Deconstructing Zim’s Command Agric Programme: Part Two…farmers should deliver on mandate

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IT has come to mind that many post-1980 youths do not appreciate the value, sovereignty and human cost of our bountiful land.
What is unfortunate is that many of today’s youths in influential socio-economic designations (in their careers) would not be there had it not been for those who sacrificed their lives for the land and country.
Currently, our land is scarred by unnecessary Western-imposed sanctions appendaged on various unwritten, but well imposed diplomatic and trade embargoes that adversely affect the economic productive lives of Zimbabweans.
Nevertheless, the robust and all-embracing Command Agriculture Programme of Zimbabwe serve as a panacea to the undue sanctions.
The noble programmes re-empower and re-energise our indigenous people to become commercially productive citizens whilst maximising on our greatest asset, that is the bountiful land of Zimbabwe.
This God-given socio-economic potential of our land is coveted by all who know its worth; particularly former colonialists and imperial entities.
This is why many independent African countries are being subjected and coerced to adopt Eurocentric systems of governance that undermine national sovereignty, full ownership and control of our land, thus compromising production.
Almost 40 years after independence, a quagmire of Eurocentrically biased laws still negatively affect and disempower African people.
Land, environmental and livestock laws inherited from colonial governance still need to be reviewed, realigned and amended for the benefit of indigenous people.
These amendments should be designed to boost national agricultural production through Command Agriculture.
African independence would not be complete without the wholesale legal return of the land to the indigenous people and its final restitution from colonial bondage.
Command Agriculture, therefore, presents an ultimatum for all Zimbabwean farmers to carry out the mandate — failure is not an option.
Security, in military terms, is a certainty and an insurance against any negligence or failure to deliver on one’s mandate.
Being heedful of this notion, farmers need to understand that food security implies national security as well as the protection and sustenance of one’s people and livelihood under Command Agriculture.
With the new (2019-2020) agricultural season upon us, diligent land preparation, dutiful weather analysis (digital where possible), sensible input gathering and astute timing of planting are some of the pre-requisites of a good farmer.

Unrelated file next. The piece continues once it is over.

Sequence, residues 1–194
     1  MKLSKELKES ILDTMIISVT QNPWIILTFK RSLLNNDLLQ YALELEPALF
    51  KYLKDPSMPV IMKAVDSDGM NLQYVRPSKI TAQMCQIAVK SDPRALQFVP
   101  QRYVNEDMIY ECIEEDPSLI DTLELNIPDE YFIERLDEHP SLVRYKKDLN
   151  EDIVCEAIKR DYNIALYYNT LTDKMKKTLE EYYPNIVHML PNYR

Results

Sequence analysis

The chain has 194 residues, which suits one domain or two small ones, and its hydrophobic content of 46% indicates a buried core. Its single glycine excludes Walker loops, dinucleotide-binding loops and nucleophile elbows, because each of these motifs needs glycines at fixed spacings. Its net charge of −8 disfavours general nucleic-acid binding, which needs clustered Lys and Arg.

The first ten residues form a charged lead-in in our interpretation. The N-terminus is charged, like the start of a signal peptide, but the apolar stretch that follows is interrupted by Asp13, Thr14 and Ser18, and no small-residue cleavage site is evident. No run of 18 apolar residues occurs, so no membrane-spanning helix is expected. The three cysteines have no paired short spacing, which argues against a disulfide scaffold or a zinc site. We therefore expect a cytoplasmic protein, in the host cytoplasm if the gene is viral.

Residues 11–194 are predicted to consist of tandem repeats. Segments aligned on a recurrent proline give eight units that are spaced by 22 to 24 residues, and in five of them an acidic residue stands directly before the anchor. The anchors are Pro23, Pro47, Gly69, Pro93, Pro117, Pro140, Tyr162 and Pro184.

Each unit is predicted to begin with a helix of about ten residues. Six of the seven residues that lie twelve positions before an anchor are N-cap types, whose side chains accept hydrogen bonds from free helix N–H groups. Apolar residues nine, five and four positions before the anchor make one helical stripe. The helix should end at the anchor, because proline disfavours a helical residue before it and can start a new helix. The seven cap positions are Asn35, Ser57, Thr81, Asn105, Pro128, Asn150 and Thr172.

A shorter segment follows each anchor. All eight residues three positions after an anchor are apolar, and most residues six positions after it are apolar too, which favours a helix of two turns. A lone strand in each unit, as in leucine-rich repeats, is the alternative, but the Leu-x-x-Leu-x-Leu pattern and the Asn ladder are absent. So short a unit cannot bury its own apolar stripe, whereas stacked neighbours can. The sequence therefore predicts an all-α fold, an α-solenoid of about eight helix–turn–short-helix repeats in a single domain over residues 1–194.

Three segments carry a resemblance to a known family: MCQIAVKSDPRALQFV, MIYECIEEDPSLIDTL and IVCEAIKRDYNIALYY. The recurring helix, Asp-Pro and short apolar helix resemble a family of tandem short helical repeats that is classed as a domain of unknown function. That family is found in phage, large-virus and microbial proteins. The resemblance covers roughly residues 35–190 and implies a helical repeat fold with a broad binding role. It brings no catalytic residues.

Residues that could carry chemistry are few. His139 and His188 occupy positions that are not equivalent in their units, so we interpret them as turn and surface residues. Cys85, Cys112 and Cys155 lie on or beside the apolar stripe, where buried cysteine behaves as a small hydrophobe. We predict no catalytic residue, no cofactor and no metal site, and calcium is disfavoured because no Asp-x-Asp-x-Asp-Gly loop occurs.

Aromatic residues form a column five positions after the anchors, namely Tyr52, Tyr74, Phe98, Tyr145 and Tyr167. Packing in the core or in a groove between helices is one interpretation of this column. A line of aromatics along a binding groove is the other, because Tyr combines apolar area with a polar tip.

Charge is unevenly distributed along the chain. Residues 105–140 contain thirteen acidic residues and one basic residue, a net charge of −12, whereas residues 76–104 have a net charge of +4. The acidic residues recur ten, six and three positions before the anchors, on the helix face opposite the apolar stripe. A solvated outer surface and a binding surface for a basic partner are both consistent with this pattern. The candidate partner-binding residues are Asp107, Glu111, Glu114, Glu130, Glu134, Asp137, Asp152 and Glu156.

These tasks should be complemented by a clear-headed, punctilious practice of farm accounting which ideally should improve over the years.
Agriculture is the most important and most vital sector of the economy in Zimbabwe, providing between 55-70 percent of the total employment and is the major component of Government’s concerns to provide food security for the nation.
Due to the re-distribution of land and the capacitation of indigenous farmers, agriculture generates over 40 percent of the country’s foreign exchange earnings and provides the bulk of alpha-raw materials to the manufacturing and food processing sectors.
Interestingly, during the first decade of Zimbabwe’s independence, local agricultural production established the nation as the king-pin in the SADC Regional Food Security Programme.
Since the Fast Track Land Reform Programme (FTLRP) in 2000, major strides have been made by indigenous farmers in agriculture throughout Zimbabwe.
For patriotic Zimbabweans, the gravity of Command Agriculture, as a vital yolk of indigenous empowerment, land reclamation and national food security cannot be underplayed.
National food security implies protection and sustenance of all Zimbabweans.
All means, methods and technology at our disposal must be deployed to ensure that Zimbabwe is not hungry.
Today, the land of Zimbabwe is in the hands of its rightful indigenous owners who are thriving positively and profitably through the Command Agriculture Programme.
As the sun beckons the new summer cropping season of 2019-2020, Zimbabweans must take up the gauntlet and put our backs into agriculture, making the country the touted promised land of plenty.
Dr Tony Monda holds a PhD in Art Theory and Philosophy and a DBA (Doctorate in Business Administration) and Post-Colonial Heritage Studies. He is also a specialist post-colonial scholar, Zimbabwean socio-economic analyst and researcher. E-mail:tonym.MONDA@gmail.com

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